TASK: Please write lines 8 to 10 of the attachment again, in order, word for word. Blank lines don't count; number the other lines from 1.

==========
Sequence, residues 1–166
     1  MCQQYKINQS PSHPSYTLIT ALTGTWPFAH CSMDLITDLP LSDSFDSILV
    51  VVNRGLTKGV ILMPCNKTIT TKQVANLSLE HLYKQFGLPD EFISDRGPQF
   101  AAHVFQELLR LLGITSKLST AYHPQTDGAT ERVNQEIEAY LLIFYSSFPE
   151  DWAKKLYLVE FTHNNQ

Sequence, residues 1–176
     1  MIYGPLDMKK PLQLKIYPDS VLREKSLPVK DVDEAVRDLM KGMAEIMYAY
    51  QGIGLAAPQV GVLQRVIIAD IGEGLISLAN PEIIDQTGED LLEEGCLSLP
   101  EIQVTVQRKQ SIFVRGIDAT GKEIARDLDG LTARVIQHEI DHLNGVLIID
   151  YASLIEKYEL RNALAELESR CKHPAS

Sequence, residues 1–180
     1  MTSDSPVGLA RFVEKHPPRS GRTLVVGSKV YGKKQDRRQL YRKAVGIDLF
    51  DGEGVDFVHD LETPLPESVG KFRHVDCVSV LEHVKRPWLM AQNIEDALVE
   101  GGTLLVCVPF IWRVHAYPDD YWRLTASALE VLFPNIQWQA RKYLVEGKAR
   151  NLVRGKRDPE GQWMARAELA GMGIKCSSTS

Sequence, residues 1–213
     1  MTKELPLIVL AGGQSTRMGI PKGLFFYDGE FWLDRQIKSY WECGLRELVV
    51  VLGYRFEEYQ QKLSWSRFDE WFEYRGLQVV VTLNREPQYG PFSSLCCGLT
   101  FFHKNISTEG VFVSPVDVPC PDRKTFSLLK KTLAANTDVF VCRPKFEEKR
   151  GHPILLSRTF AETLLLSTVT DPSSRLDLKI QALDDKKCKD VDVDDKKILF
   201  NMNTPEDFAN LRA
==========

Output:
    51  QGIGLAAPQV GVLQRVIIAD IGEGLISLAN PEIIDQTGED LLEEGCLSLP
   101  EIQVTVQRKQ SIFVRGIDAT GKEIARDLDG LTARVIQHEI DHLNGVLIID
   151  YASLIEKYEL RNALAELESR CKHPAS